ALTHOUGH, the trailer I saw at the cinema seems to have weirdly been replaced with one with significantly less Grandma in it, so I have no idea what it was that I saw before Mary Poppins Returns. Perhaps it was one to make parents think it was a kid-friendly film. All I know is, I went in expecting Cheaper By The Dozen and what I got was a hell of a lot more substantial. (Sorry Cheaper By The Dozen fans).
~ It’s genuinely laugh out loud funny…
I laughed out loud loads of times along with the whole of the cinema - the writing is really witty and the funniest moments are the clever dialogue rather than the occasional slapstick moment. In fact, the whole script is super pacey and funny, I enjoyed it so much more than I expected. There are some super funny side-characters too and quirky moments that are really amusing. Oh, and a moment where Pete and Ellie GO OFF at a poor teenage kid which really tickled me…!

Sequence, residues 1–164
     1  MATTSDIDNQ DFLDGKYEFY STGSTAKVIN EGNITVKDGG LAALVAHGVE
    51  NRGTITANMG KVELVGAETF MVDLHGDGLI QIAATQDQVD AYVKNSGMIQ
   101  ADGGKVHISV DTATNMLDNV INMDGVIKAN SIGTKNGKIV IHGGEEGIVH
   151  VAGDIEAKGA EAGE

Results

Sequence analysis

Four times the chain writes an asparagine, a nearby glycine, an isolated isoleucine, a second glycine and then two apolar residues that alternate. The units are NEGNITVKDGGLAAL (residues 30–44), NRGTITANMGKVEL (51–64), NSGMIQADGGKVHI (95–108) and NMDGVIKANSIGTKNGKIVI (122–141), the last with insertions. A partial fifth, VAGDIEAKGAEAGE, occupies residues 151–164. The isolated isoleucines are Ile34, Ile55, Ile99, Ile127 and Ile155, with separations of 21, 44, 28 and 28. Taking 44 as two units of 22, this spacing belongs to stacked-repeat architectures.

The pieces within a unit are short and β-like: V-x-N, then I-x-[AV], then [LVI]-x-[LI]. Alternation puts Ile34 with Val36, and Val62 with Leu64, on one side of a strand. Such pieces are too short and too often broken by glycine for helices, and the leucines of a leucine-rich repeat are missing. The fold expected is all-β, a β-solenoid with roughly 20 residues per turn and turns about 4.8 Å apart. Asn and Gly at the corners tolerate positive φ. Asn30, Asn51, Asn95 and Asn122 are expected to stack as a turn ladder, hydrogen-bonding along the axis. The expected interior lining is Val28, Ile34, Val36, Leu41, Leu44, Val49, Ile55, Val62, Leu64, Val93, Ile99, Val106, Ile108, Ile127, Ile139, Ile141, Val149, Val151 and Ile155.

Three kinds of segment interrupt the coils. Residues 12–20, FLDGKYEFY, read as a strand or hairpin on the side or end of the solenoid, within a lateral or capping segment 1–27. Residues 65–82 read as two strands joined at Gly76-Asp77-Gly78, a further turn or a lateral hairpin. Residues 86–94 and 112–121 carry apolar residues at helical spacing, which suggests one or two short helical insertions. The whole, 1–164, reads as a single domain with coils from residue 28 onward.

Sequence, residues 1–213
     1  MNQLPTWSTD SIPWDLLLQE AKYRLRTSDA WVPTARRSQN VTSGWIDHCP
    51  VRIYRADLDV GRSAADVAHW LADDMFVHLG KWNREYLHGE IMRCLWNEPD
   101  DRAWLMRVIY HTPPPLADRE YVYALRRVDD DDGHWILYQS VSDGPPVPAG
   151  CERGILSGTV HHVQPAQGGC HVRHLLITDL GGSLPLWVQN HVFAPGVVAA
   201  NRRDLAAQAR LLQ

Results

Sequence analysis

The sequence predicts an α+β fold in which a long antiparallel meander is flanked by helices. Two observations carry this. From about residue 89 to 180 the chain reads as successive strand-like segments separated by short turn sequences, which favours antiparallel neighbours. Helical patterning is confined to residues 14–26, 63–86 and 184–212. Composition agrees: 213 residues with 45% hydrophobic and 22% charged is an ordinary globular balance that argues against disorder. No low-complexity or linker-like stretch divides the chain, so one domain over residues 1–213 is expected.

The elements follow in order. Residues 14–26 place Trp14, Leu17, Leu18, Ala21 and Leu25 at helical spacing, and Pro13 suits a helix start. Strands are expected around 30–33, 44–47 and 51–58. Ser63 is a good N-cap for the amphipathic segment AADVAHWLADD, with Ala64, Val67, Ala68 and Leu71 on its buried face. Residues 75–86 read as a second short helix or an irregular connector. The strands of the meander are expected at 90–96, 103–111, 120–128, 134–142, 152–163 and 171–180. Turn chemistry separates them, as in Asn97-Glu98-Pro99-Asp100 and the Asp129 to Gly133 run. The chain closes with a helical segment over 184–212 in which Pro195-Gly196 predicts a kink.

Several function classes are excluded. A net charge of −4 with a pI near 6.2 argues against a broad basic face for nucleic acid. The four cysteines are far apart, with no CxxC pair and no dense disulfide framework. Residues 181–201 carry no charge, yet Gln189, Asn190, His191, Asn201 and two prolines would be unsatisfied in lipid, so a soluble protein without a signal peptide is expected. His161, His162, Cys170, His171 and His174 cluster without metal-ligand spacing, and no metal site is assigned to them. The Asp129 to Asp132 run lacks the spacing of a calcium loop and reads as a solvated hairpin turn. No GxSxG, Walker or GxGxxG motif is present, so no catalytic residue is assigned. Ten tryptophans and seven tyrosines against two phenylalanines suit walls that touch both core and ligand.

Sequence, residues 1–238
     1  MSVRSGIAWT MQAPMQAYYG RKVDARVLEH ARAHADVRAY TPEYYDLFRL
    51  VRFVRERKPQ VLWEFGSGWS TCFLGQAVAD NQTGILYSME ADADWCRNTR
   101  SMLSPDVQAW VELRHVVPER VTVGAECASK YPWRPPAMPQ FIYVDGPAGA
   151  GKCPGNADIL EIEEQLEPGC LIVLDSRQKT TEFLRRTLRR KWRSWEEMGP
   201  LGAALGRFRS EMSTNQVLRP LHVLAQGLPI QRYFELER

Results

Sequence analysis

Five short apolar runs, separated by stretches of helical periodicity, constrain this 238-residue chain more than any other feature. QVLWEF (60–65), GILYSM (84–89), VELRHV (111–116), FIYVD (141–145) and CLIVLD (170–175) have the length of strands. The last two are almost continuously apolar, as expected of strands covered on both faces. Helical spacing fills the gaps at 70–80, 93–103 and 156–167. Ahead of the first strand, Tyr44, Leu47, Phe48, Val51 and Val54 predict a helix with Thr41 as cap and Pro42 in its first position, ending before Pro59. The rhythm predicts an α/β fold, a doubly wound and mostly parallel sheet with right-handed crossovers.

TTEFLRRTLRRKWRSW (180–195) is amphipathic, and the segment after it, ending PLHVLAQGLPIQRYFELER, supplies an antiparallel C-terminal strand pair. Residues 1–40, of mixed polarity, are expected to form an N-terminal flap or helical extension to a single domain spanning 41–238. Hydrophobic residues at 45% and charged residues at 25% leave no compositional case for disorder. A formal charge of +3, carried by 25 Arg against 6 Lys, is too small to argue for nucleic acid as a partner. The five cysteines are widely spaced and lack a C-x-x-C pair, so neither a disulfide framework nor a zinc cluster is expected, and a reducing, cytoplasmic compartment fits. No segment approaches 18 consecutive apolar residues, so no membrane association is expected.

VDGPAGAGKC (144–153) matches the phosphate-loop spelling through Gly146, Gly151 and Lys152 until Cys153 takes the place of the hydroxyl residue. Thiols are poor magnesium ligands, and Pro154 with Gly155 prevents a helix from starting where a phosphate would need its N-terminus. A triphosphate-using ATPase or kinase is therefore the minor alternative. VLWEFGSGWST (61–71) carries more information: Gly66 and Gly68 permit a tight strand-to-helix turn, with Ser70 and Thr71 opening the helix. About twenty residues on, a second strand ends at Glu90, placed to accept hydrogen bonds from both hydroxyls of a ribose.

~ As well as being unexpectedly emotional
It’s clear that the script was very carefully researched by people who understand the process of fostering and adoption, and as a result I found myself in tears through too many scenes to count. The story showed every side of fostering, both the rewarding highs and the challenging lows of parenting difficult children in need of care. Ellie gives a particularly emotional speech about how many children are in desperate need of families and that just because it may be difficult doesn’t mean we should give up on them. The scenes in the foster care workshops are very well done too and probably very similar to advice given to real life couples.
~ The theme of foster caring is refreshing